Michelle Nicol has been developing her photography skills for 26 Wild, while out and about in Northumberland, and shares her top tips for capturing some amazing wildlife experiences.
The best camera is the one you have with you
You don’t need a fancy expensive camera with a big long lens to get great wildlife shots. A compact point and shoot or phone camera can take some great photographs if you know how to use it.
Can you brighten up a dull scene, zoom into some interesting detail or focus on a particular area as you take your shot?
Knowing what your camera can do can help you capture nature and wildlife photography that others may miss. While they’re looking into the distance with their zoom lenses, you could be spotting insects, butterflies and wildflowers.
Use your senses
Sight and sound are key to spotting wildlife photography opportunities. Being quiet, still and patient is a good tip to avoid spooking wildlife and seeing it disappear from the environment as soon as you turn up.
I could hear a commotion in the trees in my local park, and on searching for the source, a chap kindly pointed out the specific tree where I could see a woodpecker chick yelling for its dinner. I waited around for a while and was rewarded with the adult returning to the nest to feed it.
Even spending a bit of time looking out of your window at your garden should teach you something about your local wildlife. Do certain birds appear earlier in the day than others? Which feeder, plant or area do they go to? Do they always come and go from the same direction?
Watching wildlife closely will give you an idea of what it’s likely to do, so you can be ready with your camera. For example, I spent the best part of an hour watching terns on a lake from a hide. One kept coming back to the same spot to fish, and eventually I managed to capture it hovering in flight.
Keep a low profile
Being unobtrusive is not just likely to encourage wildlife to approach so you can get a photograph, but by getting down low, at your subject’s eye-level usually gives you a more impactful photo too. Not always easy to do, especially with smaller creatures, but it’s worth experimenting with different angles and not always taking photos from your eye level.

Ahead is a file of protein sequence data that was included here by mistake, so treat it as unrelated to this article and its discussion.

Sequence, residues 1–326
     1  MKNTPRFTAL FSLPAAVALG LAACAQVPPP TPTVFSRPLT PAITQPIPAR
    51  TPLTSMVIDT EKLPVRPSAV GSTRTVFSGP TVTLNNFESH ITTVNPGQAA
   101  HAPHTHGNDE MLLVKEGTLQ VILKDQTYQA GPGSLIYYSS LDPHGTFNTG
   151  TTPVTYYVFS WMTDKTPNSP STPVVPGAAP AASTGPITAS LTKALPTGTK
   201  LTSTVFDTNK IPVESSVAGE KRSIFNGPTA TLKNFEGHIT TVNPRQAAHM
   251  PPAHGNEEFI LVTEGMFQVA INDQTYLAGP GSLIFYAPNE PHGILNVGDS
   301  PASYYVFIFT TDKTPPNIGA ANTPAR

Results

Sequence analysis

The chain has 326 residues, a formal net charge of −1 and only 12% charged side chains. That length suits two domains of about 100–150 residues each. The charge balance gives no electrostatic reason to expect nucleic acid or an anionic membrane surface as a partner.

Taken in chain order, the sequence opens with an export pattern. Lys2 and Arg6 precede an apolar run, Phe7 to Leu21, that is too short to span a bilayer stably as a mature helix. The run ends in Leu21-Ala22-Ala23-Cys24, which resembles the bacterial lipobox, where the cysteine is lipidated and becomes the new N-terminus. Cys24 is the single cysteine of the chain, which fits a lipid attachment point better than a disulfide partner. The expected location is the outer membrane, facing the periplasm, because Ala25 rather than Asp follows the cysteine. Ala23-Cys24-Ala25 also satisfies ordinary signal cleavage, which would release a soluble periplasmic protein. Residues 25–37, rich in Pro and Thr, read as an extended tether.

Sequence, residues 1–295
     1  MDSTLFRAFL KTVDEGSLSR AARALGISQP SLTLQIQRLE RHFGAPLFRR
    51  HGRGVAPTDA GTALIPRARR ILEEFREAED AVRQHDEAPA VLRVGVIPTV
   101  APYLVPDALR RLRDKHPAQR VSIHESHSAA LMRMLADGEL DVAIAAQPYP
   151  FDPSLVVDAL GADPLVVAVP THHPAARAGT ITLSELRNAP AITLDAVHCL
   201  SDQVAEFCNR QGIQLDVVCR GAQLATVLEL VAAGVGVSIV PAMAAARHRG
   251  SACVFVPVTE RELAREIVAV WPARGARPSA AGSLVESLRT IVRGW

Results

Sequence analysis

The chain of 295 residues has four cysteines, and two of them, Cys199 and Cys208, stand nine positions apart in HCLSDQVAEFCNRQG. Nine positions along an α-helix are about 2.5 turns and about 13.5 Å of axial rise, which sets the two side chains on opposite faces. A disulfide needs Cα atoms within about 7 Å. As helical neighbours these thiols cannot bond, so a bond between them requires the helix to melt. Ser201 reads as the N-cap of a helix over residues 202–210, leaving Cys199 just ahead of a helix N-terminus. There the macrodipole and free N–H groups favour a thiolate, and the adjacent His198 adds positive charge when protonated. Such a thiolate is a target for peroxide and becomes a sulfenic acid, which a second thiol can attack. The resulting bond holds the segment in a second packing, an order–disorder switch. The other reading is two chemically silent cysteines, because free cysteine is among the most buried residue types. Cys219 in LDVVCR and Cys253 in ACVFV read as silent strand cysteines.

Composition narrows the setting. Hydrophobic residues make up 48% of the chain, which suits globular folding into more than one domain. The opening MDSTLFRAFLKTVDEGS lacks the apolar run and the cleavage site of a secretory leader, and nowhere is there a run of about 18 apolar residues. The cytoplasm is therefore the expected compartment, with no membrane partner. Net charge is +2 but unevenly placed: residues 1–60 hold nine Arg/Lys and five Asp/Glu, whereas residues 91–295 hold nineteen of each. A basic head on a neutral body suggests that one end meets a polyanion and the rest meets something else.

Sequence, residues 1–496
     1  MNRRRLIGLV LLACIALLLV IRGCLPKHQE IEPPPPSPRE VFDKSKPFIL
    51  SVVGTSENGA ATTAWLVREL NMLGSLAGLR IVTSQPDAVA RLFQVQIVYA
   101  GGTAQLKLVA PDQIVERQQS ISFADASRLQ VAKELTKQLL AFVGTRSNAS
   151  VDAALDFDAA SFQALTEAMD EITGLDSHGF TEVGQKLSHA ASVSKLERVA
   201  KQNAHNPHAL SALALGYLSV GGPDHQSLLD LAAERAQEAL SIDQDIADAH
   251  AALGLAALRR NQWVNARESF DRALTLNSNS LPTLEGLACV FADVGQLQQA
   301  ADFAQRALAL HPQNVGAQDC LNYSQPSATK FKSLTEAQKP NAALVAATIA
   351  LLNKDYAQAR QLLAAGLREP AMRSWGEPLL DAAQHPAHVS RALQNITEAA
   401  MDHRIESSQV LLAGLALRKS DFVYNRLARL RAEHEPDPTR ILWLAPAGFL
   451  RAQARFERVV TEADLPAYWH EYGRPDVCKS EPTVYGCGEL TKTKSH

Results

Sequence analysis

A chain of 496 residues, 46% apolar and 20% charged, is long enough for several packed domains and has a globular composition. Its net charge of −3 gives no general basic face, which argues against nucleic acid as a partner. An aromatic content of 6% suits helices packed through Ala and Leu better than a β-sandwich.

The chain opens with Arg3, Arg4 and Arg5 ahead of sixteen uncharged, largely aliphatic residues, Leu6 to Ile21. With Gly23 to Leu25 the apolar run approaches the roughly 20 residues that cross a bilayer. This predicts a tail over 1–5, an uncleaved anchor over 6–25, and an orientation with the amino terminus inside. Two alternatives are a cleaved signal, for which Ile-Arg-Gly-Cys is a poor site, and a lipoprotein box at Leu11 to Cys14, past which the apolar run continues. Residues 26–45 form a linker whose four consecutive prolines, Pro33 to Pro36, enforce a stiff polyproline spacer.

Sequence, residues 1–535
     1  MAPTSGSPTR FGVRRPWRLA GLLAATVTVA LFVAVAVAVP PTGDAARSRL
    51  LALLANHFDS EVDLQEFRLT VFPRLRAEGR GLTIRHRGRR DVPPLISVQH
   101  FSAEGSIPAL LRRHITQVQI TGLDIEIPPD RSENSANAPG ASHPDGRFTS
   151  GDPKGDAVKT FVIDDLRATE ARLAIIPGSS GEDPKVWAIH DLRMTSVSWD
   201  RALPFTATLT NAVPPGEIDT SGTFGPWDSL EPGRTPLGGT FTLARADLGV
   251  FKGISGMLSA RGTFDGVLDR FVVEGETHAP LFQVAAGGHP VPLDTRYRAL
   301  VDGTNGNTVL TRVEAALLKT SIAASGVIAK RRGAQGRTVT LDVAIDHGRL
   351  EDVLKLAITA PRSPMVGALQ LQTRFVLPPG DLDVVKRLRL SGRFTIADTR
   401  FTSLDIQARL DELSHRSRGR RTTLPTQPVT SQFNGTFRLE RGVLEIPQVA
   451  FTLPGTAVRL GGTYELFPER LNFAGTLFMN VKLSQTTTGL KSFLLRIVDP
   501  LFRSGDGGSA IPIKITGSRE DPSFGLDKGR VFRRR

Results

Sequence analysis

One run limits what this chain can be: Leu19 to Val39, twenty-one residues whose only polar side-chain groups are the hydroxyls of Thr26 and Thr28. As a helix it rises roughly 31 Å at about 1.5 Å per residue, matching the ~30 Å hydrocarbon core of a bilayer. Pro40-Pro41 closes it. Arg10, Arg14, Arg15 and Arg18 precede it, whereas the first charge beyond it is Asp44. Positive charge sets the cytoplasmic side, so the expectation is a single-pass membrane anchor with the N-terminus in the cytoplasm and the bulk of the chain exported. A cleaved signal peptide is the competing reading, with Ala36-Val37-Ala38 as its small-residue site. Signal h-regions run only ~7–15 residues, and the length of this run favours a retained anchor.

Get to know a local area
Whether it’s your garden, local park, beach or nature reserve, different times of day or year will give you different wildlife experiences. Before lockdown I was a regular visitor at my local Wildlife Trust reserve at Hauxley, Northumberland where I could see lots of birdlife. While travel was restricted, I spent more time exploring my local park and shoreline.
Many local wildlife spots have volunteer groups happy to share sightings and photos so you get an idea of what you can expect to see, and a chance to have your camera ready at the right spot.
Enjoy your wild times and share them
You won’t see the hundreds of photographs where someone just missed an amazing bird or mammal or caught it out of focus, but we all take them. I count it a success if I get one decent shot from a day out, and often I don’t even manage that. But I always enjoy my time outdoors, watching, listening and observing nature and then learning about all the birds, animals, insects, plants and trees I’ve seen in my small corner of the UK.
Just as you’ll find people are happy to share their knowledge and love of wildlife with you, it’s really nice if you can share your images too, perhaps with your local Wildlife Trust or other organisation. They love to see photos from supporters, especially of nature in your area. It’s a great way to inspire a love of wildlife and share it with people who may not be able to get out and see it every day in such detail.
Thank you to everyone who took part in The Wildlife Trusts’ annual 30 Days Wild campaign – photographs are a big part of the month-long celebration and we loved sharing yours. It made June a bumper social media month for 26’s Twitter feed. And we’re thrilled to say that you helped make this year’s event even bigger than ever with over 650,000 participants getting involved.
We were thrilled to see even more people get involved in this year’s events,” says The Wildlife Trusts’ marketing officer Abbie Hargreaves. “We were particularly pleased that almost 1,500 care homes got involved – three times more than last year. The nature on our doorstep has become a lifeline for so many during lockdown and I think the numbers show that.